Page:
Today’s guest blog comes from Bristol City Poet, Vanessa Kisuule.
Being Bristol City Poet has been a unique and unanticipated journey – one that doesn’t have a clear blueprint. I have had many ideas as to what being City Poet means and how I want to represent Bristol – many of these ideas have grown, evolved or even changed I am learning more about this interesting city and its inhabitants than I ever did as a citizen because I seek out the people I don’t normally encounter and the streets I don’t usually walk down. I try to let this city and its myriad populace guide me and show me the poetry it harbours. The results have been various, weird and wonderful.
I regularly post pictures of interesting things I spot around Bristol accompanied by short poems on my Twitter. It forces me to be more attentive to my surroundings and I have developed a new appreciation for things that would never otherwise catch my eye. The witty scrawls of graffiti on waste bins, the bittersweet image of a former independent grocers store gutted and empty on St Michael’s Hill, and the scenes of people sat enjoying this year’s unlikely heatwave provided me with plenty of inspiration. I hope this encourages other people to appreciate the small beauty and poignancy in everyday life – we often make the mistake of thinking moments or landscapes must be grand to be remarkable, but the small things, that are all too easy to miss, consistently tell the most compelling stories.
I have put a call out on the Festival of Ideas website. There’s an eclectic mix of requests which expose me to the quirks of Bristol’s history – I am currently finishing a poem about the swimming baths at Jacob Wells. People have also been sending their own poems for me to read and I select the best ones to publish on the Festival of Ideas website. I’m glad that so many people have shared their own words – I am as interested in inspiring others to write poems as I am in writing my own.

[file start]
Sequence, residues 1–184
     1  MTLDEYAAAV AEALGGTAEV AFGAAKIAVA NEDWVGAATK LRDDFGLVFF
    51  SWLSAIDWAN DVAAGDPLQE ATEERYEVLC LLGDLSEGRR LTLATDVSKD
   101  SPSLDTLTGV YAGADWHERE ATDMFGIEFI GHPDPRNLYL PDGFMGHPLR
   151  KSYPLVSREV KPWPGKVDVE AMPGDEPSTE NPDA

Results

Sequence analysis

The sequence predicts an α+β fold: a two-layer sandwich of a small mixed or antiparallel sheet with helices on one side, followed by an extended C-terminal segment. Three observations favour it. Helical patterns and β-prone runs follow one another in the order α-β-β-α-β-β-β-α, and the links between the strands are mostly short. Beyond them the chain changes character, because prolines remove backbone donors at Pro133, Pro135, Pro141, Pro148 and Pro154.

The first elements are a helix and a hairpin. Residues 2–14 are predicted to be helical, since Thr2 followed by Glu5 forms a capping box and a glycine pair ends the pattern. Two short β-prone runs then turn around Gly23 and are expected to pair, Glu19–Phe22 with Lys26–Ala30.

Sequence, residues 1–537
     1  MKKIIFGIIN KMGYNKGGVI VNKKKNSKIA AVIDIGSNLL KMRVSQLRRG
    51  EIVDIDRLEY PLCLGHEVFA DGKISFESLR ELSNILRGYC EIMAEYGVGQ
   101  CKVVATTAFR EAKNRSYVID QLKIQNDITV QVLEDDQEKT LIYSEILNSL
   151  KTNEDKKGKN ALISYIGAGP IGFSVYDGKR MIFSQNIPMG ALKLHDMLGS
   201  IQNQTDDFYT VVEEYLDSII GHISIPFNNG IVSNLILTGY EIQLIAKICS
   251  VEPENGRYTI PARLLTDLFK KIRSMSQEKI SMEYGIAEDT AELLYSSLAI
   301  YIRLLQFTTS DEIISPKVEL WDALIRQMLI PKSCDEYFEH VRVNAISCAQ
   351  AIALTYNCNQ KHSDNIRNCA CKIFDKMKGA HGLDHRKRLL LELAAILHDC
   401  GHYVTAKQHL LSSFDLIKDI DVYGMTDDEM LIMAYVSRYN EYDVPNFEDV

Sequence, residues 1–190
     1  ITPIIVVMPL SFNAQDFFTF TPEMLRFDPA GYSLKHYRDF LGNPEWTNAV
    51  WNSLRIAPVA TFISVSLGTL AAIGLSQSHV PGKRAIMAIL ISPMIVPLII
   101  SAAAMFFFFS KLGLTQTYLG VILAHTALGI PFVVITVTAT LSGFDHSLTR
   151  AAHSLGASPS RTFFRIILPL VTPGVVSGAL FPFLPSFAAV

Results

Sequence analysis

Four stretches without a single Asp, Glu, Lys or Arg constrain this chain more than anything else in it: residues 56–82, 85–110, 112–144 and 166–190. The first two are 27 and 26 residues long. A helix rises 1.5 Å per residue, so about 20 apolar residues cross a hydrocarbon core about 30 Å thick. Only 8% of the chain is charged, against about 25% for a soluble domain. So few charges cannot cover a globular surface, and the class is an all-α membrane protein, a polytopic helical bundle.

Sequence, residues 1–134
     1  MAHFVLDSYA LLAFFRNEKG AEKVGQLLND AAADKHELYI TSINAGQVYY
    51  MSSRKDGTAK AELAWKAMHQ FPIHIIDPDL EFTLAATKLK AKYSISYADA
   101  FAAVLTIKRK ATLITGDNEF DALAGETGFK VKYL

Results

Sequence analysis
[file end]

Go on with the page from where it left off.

I’ve tried to get as varied a perception of Bristol as possible through all manner of random situations: I’ve attended poetry readings for the elderly at Henbury Library, got into passionate arguments about gentrification with the owner of a Middle Eastern restaurant (Baba Ganoush on St Nicholas Road – best falafel in Bristol, hands down). I’ve had coffee with the organisers of St Paul’s Carnival to learn about its history and their hopes for its future. I’ve even joined a local drawing group – their members are a refreshing mix of old and young, professional and amateur, able-bodied and differently-abled. Even Big Jeff is in their ranks!
To feel part of Bristol is to know your neighbours, to wander through the streets and feel both a sense of familiarity and infinite discovery. It’s the wonder of always encountering new people but also knowing the name of the barmaid at your local. Two years initially seemed like a long stretch of time, but I now see that there is so much to capture – even a whole lifetime could not cover all there is to say about this city. I will do all I can in the precious two years I’ve been gifted and will carry all the stories Bristol has offered me for the rest of my days.
If you are passionate about Bristol and have poetry you’d like to share, poetry you’d like to request or you’d like to book me for a potential workshop or commission, do get in contact at this email address: email@example.com. I cannot do this role without the contribution of all the people that live here and love this city. Thanks for reading, and if you see me out and about don’t be afraid to say hi!